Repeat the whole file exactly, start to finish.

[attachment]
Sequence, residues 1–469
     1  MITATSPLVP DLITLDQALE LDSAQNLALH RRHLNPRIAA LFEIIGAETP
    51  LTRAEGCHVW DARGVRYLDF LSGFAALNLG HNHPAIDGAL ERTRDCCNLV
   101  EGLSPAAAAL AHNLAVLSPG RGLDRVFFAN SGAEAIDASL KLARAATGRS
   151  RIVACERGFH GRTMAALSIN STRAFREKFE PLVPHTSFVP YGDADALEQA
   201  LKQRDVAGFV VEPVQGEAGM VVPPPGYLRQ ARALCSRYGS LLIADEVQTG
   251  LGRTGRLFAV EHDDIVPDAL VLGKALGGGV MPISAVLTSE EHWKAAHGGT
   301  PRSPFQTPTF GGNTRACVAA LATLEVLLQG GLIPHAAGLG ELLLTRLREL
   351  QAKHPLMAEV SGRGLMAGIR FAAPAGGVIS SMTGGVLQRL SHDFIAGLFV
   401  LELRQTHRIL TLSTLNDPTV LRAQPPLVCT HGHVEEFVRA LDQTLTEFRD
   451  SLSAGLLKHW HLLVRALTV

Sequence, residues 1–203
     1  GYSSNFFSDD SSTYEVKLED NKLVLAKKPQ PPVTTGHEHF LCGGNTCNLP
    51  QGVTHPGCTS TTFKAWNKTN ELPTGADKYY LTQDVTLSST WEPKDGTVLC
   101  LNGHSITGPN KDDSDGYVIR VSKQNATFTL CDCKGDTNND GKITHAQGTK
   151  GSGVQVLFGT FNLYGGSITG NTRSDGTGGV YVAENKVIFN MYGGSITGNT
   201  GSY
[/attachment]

Sequence, residues 1–469
     1  MITATSPLVP DLITLDQALE LDSAQNLALH RRHLNPRIAA LFEIIGAETP
    51  LTRAEGCHVW DARGVRYLDF LSGFAALNLG HNHPAIDGAL ERTRDCCNLV
   101  EGLSPAAAAL AHNLAVLSPG RGLDRVFFAN SGAEAIDASL KLARAATGRS
   151  RIVACERGFH GRTMAALSIN STRAFREKFE PLVPHTSFVP YGDADALEQA
   201  LKQRDVAGFV VEPVQGEAGM VVPPPGYLRQ ARALCSRYGS LLIADEVQTG
   251  LGRTGRLFAV EHDDIVPDAL VLGKALGGGV MPISAVLTSE EHWKAAHGGT
   301  PRSPFQTPTF GGNTRACVAA LATLEVLLQG GLIPHAAGLG ELLLTRLREL
   351  QAKHPLMAEV SGRGLMAGIR FAAPAGGVIS SMTGGVLQRL SHDFIAGLFV
   401  LELRQTHRIL TLSTLNDPTV LRAQPPLVCT HGHVEEFVRA LDQTLTEFRD
   451  SLSAGLLKHW HLLVRALTV

Sequence, residues 1–203
     1  GYSSNFFSDD SSTYEVKLED NKLVLAKKPQ PPVTTGHEHF LCGGNTCNLP
    51  QGVTHPGCTS TTFKAWNKTN ELPTGADKYY LTQDVTLSST WEPKDGTVLC
   101  LNGHSITGPN KDDSDGYVIR VSKQNATFTL CDCKGDTNND GKITHAQGTK
   151  GSGVQVLFGT FNLYGGSITG NTRSDGTGGV YVAENKVIFN MYGGSITGNT
   201  GSY